At least 40,000 Filipino seafarers stand to benefit from a new Japanese anti-piracy law protecting ships and its crew off Somalia, the Department of Labor and Employment (DOLE) said Saturday.
The DOLE said this new law dovetails with the wider efforts of the United Nations (UN) to ensure safe passage in maritime trading areas.
"(The Japanese anti-piracy law), while aimed at protecting Japan-flagged vessels, would reinforce the safety and well-being of the more than 40,000 overseas Filipino seafarers currently manning the majority of Japan’s global merchant marine fleet," the DOLE said.
Before the law was passed, DOLE Secretary Marianito Roque visited Tokyo earlier this year to represent the Philippines at the Philippine-Japan Seafarer Policy Forum.
He pushed for the preservation of the jobs of the numerous overseas Filipino seafarers employed in Japanese vessels.
The Philippines supplies a third of the world's seafarers and has been tagged as one of the most vulnerable nationalities to pirate attacks.
Accompanying him in the forum were partners from the Associated Marine Officers’ and Seamen’s Union of the Philippines (AMOSUP), and the Philippine-Japan Consultative Council.
The new law will allow Japan to “discharge its responsibility as a member of the international community," by actively contributing to the global efforts against piracy.
Japan reaffirmed the UN Convention on the Law of the Sea, which provides that all states shall cooperate to the fullest possible extent in the repression of piracy on the high seas or in any other place outside the jurisdiction of any State.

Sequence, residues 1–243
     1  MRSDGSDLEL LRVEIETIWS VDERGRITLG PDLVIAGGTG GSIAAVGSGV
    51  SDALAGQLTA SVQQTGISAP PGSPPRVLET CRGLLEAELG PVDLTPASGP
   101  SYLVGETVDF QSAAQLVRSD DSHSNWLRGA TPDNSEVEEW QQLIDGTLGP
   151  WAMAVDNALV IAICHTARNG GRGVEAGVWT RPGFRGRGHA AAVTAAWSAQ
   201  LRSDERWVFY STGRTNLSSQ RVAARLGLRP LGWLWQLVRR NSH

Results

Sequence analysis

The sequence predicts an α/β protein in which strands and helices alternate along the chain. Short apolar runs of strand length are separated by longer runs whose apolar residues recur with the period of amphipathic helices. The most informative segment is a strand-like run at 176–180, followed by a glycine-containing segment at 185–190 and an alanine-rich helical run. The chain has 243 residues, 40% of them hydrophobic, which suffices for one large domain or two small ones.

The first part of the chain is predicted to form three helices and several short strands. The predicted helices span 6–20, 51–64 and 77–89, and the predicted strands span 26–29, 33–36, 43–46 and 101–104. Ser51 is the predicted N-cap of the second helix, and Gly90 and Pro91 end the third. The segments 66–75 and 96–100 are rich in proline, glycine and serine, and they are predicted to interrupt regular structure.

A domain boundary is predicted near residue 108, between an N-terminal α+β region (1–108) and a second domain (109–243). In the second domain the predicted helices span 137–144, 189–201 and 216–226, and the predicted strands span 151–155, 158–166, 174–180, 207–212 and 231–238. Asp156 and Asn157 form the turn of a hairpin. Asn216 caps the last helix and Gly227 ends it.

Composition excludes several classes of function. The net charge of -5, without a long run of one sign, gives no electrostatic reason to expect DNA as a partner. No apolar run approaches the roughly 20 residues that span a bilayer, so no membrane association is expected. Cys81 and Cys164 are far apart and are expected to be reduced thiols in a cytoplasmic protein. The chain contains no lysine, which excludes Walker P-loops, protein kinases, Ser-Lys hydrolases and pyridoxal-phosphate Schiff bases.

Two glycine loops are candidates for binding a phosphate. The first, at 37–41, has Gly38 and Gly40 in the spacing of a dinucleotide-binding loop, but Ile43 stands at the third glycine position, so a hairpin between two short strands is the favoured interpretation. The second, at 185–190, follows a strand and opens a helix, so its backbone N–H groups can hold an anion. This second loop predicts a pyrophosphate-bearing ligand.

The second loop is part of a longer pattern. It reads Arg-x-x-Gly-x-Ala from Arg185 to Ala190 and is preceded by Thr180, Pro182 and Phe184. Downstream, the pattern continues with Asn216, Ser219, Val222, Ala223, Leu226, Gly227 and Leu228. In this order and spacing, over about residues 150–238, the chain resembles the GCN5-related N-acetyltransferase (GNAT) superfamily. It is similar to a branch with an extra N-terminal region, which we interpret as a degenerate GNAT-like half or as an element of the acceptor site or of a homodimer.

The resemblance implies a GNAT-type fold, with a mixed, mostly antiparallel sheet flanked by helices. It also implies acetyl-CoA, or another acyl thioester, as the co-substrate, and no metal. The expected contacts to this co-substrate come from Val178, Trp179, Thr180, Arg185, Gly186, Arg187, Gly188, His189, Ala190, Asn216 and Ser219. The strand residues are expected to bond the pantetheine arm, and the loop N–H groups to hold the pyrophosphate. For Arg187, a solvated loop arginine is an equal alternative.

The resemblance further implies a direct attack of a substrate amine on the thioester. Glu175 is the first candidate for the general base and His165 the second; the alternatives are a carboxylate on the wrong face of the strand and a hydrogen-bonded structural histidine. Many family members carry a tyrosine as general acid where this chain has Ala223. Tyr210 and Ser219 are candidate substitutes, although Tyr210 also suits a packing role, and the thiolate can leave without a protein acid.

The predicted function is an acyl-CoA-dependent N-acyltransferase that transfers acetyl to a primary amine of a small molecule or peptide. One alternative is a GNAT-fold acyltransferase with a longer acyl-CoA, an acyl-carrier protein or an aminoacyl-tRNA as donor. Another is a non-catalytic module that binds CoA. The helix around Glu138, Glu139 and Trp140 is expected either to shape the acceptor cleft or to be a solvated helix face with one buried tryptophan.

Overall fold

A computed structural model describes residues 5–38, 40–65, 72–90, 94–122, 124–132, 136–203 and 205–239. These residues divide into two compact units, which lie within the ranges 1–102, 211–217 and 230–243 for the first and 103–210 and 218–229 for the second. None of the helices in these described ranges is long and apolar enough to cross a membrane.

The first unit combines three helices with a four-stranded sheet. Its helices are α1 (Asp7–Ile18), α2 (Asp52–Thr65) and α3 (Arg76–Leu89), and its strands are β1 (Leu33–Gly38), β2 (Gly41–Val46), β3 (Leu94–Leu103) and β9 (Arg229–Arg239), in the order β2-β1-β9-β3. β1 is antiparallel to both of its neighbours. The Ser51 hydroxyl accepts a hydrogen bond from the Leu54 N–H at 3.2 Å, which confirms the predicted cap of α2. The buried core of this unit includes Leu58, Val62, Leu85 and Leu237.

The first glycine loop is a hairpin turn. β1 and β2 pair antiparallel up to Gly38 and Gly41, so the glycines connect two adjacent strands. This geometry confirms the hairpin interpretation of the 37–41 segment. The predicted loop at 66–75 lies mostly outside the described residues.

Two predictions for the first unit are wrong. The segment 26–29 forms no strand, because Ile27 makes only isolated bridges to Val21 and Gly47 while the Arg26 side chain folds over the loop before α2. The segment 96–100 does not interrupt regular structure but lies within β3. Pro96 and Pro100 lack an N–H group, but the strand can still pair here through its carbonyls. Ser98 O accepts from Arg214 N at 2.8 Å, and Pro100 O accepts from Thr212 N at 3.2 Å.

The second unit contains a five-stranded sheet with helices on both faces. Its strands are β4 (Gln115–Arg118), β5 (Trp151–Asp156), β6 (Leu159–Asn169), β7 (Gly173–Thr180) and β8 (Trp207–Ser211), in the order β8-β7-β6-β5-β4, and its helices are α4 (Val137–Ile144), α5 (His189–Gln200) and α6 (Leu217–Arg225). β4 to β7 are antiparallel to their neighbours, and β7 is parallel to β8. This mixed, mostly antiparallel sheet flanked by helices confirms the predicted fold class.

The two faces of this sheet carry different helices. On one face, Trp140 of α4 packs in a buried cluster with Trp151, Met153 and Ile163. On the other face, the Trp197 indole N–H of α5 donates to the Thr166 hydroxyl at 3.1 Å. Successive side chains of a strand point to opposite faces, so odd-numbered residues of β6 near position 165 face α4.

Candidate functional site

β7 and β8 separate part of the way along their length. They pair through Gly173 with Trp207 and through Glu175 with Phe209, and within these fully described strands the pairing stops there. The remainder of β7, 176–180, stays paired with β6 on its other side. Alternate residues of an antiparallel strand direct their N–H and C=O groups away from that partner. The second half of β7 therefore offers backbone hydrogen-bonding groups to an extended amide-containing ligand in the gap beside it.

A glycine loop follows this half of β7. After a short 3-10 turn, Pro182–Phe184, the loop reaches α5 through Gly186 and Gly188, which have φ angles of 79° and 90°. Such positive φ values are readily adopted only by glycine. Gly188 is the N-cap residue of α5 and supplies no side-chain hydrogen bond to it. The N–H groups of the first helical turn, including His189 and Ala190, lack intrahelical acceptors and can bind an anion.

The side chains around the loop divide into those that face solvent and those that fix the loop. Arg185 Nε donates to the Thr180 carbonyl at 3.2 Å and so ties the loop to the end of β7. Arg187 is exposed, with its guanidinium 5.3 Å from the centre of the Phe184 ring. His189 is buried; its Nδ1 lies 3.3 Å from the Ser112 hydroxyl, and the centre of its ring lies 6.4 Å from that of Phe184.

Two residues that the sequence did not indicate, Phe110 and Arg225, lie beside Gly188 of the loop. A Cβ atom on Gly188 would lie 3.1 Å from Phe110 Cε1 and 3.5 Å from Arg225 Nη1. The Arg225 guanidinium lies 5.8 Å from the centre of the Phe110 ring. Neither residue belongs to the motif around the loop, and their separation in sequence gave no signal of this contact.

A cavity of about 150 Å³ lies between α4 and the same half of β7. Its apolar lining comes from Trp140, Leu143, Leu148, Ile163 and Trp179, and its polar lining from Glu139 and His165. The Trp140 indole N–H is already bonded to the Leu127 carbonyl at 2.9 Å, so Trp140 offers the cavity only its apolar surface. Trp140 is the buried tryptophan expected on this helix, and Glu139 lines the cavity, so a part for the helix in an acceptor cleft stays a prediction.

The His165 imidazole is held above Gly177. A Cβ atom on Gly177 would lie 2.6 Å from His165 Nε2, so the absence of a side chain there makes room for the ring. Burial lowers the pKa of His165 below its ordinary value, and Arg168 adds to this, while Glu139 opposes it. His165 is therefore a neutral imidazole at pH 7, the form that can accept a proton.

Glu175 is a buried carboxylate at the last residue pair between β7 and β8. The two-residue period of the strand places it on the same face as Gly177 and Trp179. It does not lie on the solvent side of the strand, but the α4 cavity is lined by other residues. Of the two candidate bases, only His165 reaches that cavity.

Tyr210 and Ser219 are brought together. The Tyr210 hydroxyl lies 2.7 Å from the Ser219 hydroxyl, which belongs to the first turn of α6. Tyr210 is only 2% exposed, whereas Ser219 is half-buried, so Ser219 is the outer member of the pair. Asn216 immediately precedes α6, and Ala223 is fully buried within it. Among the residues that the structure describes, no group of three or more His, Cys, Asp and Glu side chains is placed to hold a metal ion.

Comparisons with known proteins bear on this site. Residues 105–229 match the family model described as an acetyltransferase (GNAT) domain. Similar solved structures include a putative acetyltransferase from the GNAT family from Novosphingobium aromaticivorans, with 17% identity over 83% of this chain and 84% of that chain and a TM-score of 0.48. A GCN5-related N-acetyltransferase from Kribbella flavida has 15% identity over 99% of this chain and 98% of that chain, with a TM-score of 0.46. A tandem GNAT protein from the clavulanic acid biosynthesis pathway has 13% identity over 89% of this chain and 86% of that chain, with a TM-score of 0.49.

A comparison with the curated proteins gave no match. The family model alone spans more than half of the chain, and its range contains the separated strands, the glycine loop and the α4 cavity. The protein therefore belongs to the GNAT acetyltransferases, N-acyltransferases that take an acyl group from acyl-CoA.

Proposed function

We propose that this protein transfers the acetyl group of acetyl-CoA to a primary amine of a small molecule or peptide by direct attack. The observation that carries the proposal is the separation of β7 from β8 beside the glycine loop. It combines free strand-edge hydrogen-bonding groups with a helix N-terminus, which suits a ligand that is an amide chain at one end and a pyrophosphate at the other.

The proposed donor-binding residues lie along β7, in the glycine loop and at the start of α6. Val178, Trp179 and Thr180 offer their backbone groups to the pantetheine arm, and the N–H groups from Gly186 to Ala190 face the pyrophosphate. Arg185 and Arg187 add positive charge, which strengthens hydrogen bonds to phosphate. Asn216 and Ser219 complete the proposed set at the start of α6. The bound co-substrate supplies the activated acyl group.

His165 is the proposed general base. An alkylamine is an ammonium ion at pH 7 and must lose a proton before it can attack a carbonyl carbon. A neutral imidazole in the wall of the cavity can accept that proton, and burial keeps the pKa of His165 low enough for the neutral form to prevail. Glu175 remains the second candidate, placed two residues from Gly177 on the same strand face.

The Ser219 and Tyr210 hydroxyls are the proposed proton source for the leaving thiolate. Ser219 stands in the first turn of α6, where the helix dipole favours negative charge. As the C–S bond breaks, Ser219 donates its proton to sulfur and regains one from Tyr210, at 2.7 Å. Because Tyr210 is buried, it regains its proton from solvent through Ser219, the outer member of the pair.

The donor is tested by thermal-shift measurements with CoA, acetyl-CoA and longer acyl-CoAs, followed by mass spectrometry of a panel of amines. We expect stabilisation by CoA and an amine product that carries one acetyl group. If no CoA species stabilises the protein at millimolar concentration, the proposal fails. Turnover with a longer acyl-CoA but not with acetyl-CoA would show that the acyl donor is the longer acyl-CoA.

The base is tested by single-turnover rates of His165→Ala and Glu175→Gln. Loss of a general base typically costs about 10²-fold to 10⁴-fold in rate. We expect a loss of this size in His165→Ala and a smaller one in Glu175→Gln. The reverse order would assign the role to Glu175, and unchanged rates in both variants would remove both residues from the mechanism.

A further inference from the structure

Forged in 1982, the Law of the Sea defined piracy as illegal acts committed on the high seas for private ends, adding all countries have a right to seize and prosecute those committing such acts.
Japan had contributed proactively to the anti-piracy efforts in tandem with the protecting naval vessels of the United States (US), European countries, China, and other states patrolling the waters off Somalia.
Its measures included the dispatch of two destroyers from the Japan Coast Guard and the Maritime Self Defense Forces for the conduct of maritime police operations in the Gulf of Aden.
Specifically, the vessels had already escorted some 87 Japan-flagged vessels in 28 operations since early 2009. - GMANews.TV